Marcum's National Healthcare Industry Group Leaders Interviewed by The Metropolitan Corporate Counsel: "Reimbursement, Compliance And Other Challenges For Providers In Healthcare."
The Metropolitian Corporate Counsel
Editor: Please tell us about your practice areas.
Bavolack: I function as Marcum’s National Healthcare Practice leader, and my background includes over 20 years of experience in healthcare finance, operations and reimbursement. Marcum’s clients represent a cross-section of the healthcare industry and include long-term care providers, home healthcare agencies, residential care homes, physician practices and hospitals.
Miller: I’ve been practicing in the healthcare sector for over 20 years and am now Marcum’s West Coast Healthcare Practice leader. Primarily an audit partner, I am involved in auditing and financial consulting for hospitals and clinics. In general, I work with acute-care hospitals (both standalone and those within systems), mobile surgical centers and various healthcare clinics, both not-for-profits and for-profits.
Editor: Matt, as the American population ages, elder care is becoming a major growth industry. During your years advising clients in this sector, what overall trends have you witnessed, and what trends are emerging in the long-term care and home healthcare arena?
Bavolack: As the population continues to age, and federal and state reimbursement continues to shrink, providers are faced with reinventing themselves to meet the ever-growing demands imposed by increasing costs and outside regulatory influences. Successful providers are continually looking to maintain quality care while also keeping a competitive edge by diversifying themselves, with an eye toward expanding and/or developing new services.
Editor: The rising cost of healthcare for this aging population has become the biggest driver of our long-term debt. One agenda item is changing the way the government pays for Medicare, specifically, linking quality of care to cost. How will this affect nursing home and home-care providers?
Bavolack: Prior to the early ’90s, many providers were paid through a cost-based reimbursement model. With the federal government’s goal of controlling costs, some form of Prospective Payment System (PPS) was implemented. This system reimburses providers on an episodic basis. Trending forward, the federal government continues to evolve payment mechanisms to include a case mix indexing (CMI), ACO and ASO models designed to reduce reimbursement and enhance community-based programs. This is evidenced by the recent 11.5 percent rate reduction to nursing home PPS rates.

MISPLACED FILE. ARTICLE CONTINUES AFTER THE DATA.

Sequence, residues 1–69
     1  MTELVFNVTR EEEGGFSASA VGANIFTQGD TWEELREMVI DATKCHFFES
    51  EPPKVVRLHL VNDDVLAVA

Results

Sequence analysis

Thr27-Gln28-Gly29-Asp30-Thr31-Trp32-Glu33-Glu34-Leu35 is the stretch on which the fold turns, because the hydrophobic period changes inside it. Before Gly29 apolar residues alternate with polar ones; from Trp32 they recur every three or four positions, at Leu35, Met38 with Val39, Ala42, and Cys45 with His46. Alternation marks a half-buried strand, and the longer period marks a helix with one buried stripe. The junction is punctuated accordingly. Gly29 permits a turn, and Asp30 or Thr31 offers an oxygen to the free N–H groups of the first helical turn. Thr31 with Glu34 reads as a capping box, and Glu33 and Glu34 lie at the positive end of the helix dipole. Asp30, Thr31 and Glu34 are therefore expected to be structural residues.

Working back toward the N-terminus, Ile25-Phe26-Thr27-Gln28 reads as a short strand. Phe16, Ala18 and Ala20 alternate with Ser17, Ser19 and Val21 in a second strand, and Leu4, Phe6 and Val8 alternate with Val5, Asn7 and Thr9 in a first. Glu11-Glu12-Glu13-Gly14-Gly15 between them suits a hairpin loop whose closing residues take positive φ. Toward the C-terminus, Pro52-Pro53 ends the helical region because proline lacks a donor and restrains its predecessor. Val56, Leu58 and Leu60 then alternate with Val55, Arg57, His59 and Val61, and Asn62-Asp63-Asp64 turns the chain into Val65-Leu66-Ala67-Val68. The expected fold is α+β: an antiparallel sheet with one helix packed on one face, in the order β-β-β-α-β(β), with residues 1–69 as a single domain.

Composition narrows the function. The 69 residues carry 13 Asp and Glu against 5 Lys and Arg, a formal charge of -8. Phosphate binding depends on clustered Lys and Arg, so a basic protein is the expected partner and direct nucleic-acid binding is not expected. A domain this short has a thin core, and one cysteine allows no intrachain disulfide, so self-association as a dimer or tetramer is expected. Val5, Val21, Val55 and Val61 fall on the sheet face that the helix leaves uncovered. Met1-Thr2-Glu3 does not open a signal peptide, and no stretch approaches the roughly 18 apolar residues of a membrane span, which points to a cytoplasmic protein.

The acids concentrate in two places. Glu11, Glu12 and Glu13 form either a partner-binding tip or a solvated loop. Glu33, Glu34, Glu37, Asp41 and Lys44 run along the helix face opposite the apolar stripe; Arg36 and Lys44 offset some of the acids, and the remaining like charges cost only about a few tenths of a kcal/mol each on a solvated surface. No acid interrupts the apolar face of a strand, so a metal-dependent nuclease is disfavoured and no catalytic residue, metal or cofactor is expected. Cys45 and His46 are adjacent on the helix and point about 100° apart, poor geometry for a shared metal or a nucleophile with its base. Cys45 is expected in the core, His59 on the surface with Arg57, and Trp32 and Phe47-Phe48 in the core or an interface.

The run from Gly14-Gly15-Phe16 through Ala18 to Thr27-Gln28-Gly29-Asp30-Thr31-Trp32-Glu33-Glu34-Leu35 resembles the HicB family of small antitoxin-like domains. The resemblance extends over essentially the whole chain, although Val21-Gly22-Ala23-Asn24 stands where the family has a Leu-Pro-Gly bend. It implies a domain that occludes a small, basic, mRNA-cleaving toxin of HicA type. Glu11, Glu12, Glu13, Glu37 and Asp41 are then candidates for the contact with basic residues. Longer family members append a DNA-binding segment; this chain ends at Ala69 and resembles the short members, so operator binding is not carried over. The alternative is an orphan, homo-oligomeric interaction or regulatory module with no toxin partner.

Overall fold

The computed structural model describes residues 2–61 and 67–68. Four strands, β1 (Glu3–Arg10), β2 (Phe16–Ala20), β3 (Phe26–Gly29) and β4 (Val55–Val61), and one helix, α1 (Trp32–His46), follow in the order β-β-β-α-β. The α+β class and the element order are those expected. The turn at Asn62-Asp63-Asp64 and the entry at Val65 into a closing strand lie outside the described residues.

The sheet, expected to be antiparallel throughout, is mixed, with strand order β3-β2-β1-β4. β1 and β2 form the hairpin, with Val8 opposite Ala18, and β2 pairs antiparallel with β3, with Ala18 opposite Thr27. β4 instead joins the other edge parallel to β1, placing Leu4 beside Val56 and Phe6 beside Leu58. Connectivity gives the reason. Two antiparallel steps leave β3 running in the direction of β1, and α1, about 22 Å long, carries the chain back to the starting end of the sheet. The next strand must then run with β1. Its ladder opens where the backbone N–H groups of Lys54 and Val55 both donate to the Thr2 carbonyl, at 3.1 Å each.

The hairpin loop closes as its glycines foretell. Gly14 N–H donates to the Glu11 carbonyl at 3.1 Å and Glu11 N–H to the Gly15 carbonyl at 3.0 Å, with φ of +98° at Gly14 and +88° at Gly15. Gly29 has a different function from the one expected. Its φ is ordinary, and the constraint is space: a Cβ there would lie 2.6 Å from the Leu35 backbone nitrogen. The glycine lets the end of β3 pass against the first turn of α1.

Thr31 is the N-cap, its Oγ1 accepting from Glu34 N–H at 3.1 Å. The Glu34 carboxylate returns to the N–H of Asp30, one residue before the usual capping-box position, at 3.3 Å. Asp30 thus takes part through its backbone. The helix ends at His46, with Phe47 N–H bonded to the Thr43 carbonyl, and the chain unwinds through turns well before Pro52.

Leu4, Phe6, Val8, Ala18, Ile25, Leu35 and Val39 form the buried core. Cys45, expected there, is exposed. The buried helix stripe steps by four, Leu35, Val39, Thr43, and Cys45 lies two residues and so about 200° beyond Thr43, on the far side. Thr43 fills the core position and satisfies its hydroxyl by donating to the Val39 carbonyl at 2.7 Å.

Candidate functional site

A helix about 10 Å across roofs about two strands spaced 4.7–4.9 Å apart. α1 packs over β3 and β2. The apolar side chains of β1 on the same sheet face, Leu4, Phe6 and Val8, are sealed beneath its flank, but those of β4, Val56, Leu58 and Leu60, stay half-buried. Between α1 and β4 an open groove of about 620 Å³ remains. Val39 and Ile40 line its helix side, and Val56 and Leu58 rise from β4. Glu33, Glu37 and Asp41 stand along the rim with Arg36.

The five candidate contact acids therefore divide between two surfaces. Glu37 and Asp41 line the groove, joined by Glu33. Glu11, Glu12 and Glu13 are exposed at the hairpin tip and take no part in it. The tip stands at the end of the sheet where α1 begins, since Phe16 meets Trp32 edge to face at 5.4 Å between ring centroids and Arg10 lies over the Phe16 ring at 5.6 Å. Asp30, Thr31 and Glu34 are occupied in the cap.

At the same time, the federal government continues to impose new audit initiatives to recoup fraudulent claims and payments to nursing home and home-care providers.
Miller: It’s easy to say that linking quality of care to cost is a good thing; everyone can get on that bandwagon. The question becomes, how do you develop the metrics for that? I’ve served on the Dignity Healthcare Audit Committee for five years, and they believe that if you have good quality of care, obviously costs are going to go down – but how can you measure this, let alone administer such a program? Many large healthcare systems grapple with this, because they do want to provide good care, but it’s hard to do when you know that if you spend an extra day with a patient then you’ll be arguing about it for years with Medicare. The RACs (recovery audit contractors) who come into hospitals today are not there on a daily basis and are ill-equipped to assess quality of care.